The dynamics of egg production, oviposition and resorption in a parasitoid wasp.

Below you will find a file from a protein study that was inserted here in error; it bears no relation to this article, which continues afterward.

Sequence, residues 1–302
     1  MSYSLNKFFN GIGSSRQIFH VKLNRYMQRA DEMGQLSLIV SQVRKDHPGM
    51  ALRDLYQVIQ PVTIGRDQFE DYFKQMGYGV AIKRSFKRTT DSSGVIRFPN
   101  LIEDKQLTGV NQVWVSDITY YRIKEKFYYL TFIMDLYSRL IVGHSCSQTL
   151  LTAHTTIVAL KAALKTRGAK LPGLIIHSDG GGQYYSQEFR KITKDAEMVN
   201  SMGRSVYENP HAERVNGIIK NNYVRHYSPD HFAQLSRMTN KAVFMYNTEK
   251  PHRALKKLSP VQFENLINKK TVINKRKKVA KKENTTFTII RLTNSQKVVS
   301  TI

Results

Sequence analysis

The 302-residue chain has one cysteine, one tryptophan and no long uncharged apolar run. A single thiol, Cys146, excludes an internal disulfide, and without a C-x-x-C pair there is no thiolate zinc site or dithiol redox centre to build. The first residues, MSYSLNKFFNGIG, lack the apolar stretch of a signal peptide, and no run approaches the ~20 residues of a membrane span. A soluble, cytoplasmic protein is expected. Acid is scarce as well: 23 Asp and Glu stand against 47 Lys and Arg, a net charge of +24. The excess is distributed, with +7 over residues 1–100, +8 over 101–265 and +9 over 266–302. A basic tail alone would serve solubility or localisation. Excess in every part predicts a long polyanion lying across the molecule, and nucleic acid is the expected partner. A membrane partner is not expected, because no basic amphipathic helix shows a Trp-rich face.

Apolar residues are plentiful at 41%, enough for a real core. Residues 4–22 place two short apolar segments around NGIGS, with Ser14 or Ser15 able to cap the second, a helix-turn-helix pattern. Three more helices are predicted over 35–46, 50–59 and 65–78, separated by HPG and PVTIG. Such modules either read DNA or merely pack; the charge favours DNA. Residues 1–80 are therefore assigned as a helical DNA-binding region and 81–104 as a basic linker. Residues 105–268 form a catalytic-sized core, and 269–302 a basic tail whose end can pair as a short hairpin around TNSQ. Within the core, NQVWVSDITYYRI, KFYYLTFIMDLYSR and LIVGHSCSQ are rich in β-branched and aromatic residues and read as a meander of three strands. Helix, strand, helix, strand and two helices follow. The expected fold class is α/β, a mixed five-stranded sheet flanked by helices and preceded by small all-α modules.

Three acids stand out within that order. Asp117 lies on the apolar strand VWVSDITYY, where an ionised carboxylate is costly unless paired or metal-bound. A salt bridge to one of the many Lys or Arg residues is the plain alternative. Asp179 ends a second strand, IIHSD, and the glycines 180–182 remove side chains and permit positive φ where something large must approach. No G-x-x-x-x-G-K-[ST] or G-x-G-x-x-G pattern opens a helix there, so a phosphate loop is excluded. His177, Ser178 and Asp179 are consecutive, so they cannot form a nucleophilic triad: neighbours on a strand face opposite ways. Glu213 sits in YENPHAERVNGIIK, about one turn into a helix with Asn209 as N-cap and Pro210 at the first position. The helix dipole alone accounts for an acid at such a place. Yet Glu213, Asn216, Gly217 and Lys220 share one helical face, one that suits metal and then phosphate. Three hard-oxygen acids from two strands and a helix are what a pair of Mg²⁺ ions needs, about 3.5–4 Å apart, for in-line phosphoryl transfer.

The extent to which parasitoid wasps are limited by their egg supply is very important in understanding their reproductive strategies. Egg reserves are dynamic, with most wasps maturing new eggs throughout their life (synovigeny) and many species resorbing eggs that are not used in oviposition. The extent to which a solitary parasitoid, Leptomastix dactylopii, which is synovigenic and practices egg resorption, modulates its egg reserves was investigated in the light of its experience in finding hosts, Planococcus citri. Newly-emerged wasps were allowed to experience one of four environments of increasing value in terms of reproductive opportunities. It was proposed that wasps that experienced good quality environments would maintain more mature eggs ready for oviposition. Dissection of wasps subject to different periods of host deprivation after the experimental treatment failed to confirm the hypothesis: egg load was independent of experience. It was also proposed that any adjustment of egg supply to make up for eggs oviposited would be effected through a reduction in egg resorption. Instead, wasps quickly made up for eggs oviposited by increased egg production.